“What we’re worried about right now is with the return to school and principals scrambling there’s a real risk that some of them are going to decide, ‘I don’t know what to do with this kid. I don’t know if we can manage their social distancing. Mom, keep your kid home,'” he says.


“This is a festering problem that predated COVID and we are really worried that this fall it’s going to get worse as a way of coping with the failure of the provincial government to properly plan and resource the return to school.”


A provision of Ontario’s Education Act allows individual principals to prohibit a student from attending school if they believe their presence is “detrimental to the physical and mental well-being” of the other students.


Disability advocates have argued the provision is disproportionately used to exclude students with special needs, particularly those with autism. Last year, the Ontario government said it would look into the issue, but there is currently no provincewide policy and individual principals have broad discretion.


“There’s wild variations from board to board,” Lepofsky says. “Depending on where you live your kid gets a lot of due process, or none.”


Laura Kirby-McIntosh, president of the Ontario Autism Coalition, says she has already heard from parents of autistic children whose schools have asked them to attend for less than a full day or only a few days per week.


“The message there is, ‘Gee, your kid is an awful lot of extra work, so let us get all the normal kids settled and then we’ll worry about you.’ That’s problematic,” she says.


The social impact of being excluded can be “devastating” for a student with special needs, Kirby-McIntosh says. “Especially in that first week.”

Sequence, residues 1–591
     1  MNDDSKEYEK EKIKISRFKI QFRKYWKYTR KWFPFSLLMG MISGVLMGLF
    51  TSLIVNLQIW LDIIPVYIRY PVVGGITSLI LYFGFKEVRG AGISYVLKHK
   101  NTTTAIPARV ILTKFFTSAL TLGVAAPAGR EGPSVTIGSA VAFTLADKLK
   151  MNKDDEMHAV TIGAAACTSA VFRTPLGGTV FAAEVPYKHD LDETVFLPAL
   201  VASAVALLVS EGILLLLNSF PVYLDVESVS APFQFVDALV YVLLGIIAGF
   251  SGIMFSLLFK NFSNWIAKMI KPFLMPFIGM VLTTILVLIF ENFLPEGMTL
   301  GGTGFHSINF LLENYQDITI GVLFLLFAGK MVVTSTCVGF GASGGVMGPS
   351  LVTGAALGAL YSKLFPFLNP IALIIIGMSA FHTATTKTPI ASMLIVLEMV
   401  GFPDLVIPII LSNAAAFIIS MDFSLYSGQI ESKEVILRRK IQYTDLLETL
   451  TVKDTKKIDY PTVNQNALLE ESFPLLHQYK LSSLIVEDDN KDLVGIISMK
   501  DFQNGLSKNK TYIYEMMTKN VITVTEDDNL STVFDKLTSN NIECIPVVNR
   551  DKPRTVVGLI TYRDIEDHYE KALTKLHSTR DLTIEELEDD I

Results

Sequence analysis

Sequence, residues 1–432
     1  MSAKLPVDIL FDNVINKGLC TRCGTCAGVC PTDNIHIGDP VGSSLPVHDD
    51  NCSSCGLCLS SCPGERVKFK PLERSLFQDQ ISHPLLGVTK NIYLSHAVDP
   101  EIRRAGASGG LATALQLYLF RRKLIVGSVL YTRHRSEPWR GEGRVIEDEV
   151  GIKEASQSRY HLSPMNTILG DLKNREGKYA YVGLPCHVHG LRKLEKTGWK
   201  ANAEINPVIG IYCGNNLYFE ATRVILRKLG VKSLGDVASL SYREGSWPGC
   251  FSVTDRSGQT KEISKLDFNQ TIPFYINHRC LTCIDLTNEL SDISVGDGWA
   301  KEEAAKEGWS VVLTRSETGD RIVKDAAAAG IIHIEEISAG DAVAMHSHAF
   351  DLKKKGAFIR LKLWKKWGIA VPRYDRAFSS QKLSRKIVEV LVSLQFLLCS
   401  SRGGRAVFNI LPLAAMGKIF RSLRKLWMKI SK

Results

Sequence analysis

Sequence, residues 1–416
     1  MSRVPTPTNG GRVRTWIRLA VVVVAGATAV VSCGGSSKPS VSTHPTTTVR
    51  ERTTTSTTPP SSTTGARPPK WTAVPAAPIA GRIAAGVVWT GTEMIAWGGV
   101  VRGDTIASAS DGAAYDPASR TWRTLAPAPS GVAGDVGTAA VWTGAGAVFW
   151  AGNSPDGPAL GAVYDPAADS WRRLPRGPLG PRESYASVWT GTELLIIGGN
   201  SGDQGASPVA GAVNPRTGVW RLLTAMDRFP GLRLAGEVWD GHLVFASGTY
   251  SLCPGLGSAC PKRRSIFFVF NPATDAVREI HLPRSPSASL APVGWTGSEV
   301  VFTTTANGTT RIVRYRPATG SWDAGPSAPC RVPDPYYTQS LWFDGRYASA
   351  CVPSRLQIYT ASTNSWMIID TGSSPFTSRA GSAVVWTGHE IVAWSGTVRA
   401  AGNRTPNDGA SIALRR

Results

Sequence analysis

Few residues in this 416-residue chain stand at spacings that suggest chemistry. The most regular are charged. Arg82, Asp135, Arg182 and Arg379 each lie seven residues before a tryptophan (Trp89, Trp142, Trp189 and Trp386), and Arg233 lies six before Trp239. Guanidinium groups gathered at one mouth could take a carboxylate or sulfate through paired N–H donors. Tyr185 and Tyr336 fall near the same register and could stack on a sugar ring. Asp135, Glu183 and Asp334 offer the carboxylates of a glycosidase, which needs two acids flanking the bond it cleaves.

Kirby-McIntosh says she’s worried the pandemic will be used as a pretext for more exclusions.


“I’m very nervous about how this is going to unfold,” she says. “I think there’s going to be a lot of lawyers and education advocates who are going to be very busy this fall, and a lot of exhausted and exacerbated parents – and a lot of sad kids.”


The ministry did not respond to questions about the potential for more exclusions this year.


Angela Nardi-Addesa, superintendent of special education and inclusion for the Toronto District School Board, says the board has instructed its schools that pandemic protocols cannot be used as a reason to exclude a student.


“I want to make sure that all our staff know that nothing of what we do should act as a barrier for students with disabilities.” If a student is unable to wear a mask or to distance themselves from other students, she says, accommodations will be made.


“It is up to us as a staff, as a board, to figure out how to best support that student to keep them safe, as well as the staff.”


On top of her uncertainty and anxiety around her daughter’s return to school, Ahmed is also worried about what will happen if schools are forced to close again at some point this fall. Sumayyah, whose disabilities made learning by video nearly impossible, really struggled to keep up during the spring shutdown.


The video connection didn’t always work, and she had trouble seeing and hearing things properly.


“It was annoying and frustrating,” Sumayyah says.


“There was no plan for anyone, so of course the students with special needs were the ones who suffered the most,” Ahmed says. She hasn’t heard what, if anything, has been done to improve virtual learning for students with disabilities. “I’m going to assume there’s probably not a better plan.”